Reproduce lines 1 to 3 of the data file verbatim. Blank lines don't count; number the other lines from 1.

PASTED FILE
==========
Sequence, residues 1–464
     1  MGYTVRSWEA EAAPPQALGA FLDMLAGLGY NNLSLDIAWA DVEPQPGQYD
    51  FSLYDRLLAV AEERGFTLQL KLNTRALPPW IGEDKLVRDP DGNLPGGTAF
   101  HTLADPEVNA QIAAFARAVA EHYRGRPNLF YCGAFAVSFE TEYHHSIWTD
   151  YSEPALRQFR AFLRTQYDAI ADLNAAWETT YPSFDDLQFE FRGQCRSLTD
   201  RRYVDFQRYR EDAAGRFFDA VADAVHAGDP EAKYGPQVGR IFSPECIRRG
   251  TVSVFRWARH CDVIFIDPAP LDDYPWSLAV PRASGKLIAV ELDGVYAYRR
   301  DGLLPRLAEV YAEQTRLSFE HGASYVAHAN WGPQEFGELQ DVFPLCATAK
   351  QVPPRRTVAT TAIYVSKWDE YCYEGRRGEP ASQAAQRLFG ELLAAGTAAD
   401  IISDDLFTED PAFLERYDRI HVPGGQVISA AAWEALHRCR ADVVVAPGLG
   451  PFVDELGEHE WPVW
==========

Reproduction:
Sequence, residues 1–464
     1  MGYTVRSWEA EAAPPQALGA FLDMLAGLGY NNLSLDIAWA DVEPQPGQYD
    51  FSLYDRLLAV AEERGFTLQL KLNTRALPPW IGEDKLVRDP DGNLPGGTAF